The authors also assumed health-related behaviors did not change after the entrance survey in 1982. For example, the authors assumed that persons who were nonsmokers when they entered the study never took up smoking. Similarly, they assumed that people who filled out surveys in 1982, and later died in the same area where they originally lived, had stayed there throughout. This problem also applies to other health-related factors, such as change in weight and diet after entering the study.
Context offers clarity
The Pope study authors contend the study provides “the strongest evidence to date that long-term exposure to fine-particulate air pollution common to many metropolitan areas is an important risk factor for cardiopulmonary mortality.” Media reports on the study were uncritical in repeating the study’s findings, giving short shrift to its many limitations.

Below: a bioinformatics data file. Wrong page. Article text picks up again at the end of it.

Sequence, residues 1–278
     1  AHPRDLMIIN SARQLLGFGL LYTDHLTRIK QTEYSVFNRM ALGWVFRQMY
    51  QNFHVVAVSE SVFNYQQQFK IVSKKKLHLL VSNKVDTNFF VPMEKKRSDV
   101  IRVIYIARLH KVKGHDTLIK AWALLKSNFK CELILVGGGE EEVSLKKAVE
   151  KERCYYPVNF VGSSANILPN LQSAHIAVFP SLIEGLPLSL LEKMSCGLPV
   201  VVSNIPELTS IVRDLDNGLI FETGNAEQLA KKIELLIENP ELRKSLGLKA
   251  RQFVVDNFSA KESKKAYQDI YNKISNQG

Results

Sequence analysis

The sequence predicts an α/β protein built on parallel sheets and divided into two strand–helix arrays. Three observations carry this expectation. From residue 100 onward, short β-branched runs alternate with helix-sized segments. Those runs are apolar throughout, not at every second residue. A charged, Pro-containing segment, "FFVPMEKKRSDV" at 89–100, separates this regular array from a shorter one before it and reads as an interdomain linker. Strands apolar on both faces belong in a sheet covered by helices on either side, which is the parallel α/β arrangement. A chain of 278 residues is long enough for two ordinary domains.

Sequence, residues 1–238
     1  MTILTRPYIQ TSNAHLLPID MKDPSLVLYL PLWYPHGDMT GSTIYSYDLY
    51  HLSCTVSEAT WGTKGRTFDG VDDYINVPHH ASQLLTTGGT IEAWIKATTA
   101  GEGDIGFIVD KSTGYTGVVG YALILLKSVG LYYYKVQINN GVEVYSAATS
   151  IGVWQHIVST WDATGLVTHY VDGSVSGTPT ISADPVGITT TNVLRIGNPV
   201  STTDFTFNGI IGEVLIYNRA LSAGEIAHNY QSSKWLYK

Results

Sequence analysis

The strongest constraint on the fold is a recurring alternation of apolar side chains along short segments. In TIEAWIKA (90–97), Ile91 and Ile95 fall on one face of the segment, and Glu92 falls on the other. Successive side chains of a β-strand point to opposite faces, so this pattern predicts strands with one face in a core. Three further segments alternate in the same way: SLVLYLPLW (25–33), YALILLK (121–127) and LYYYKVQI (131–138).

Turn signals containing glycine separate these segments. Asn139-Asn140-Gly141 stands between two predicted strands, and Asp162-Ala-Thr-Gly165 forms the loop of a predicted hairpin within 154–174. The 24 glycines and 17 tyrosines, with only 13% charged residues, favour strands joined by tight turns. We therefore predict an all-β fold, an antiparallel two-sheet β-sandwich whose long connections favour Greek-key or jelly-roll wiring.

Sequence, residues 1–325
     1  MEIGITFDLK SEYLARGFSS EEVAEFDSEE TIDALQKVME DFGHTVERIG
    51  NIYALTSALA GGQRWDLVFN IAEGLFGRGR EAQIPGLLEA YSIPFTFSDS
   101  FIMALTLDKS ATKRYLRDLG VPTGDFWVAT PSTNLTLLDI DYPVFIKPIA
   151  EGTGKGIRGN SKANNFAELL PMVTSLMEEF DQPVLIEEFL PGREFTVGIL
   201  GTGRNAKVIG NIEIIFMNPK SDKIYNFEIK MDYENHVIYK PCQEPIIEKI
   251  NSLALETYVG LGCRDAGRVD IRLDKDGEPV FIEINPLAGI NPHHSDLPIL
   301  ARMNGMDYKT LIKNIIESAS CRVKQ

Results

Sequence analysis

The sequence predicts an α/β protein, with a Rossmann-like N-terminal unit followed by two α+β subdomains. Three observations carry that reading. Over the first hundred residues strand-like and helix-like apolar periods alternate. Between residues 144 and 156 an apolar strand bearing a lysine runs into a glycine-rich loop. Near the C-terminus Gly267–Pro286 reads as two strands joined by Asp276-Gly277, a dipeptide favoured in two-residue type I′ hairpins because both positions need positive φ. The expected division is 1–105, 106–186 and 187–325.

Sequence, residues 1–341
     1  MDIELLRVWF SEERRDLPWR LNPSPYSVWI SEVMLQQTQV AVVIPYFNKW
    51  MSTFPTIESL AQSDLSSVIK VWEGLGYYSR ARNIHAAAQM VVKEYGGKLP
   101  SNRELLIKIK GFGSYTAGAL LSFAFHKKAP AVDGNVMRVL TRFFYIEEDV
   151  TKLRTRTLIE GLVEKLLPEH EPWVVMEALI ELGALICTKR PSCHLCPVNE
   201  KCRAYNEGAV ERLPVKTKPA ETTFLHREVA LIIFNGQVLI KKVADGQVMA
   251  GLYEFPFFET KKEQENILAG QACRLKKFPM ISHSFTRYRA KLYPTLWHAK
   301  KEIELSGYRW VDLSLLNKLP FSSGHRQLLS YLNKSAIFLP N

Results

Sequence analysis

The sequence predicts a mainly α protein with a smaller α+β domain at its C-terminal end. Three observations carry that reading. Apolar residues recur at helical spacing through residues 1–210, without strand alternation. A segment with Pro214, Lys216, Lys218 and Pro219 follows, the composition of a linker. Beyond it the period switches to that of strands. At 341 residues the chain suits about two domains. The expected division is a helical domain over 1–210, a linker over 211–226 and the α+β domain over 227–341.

But even if we take the results at face value, the study greatly exaggerates actual risks, and does a poor job of placing the risk of particulate air pollution into the context of other risks people face.
The study’s authors may well have mistakenly attributed to air pollution health risks that are actually caused by other factors. But even ignoring that concern, the study found a relatively small risk from particulates. For example, the study found reducing particulate levels by 60 percent would reduce the risk of dying during a 16-year period by about 6 percent. A six foot, 215 pound, non-smoking man can achieve the same risk reduction by losing about five pounds; he can get three times the risk reduction by losing about 20 pounds.
The Pope study also found most of the health benefits from reducing airborne particulate levels accrue from reducing particulates down to a concentration in air of about 18 micrograms per cubic meter (mcg/m3). Reductions below this level provided little or no additional health benefit.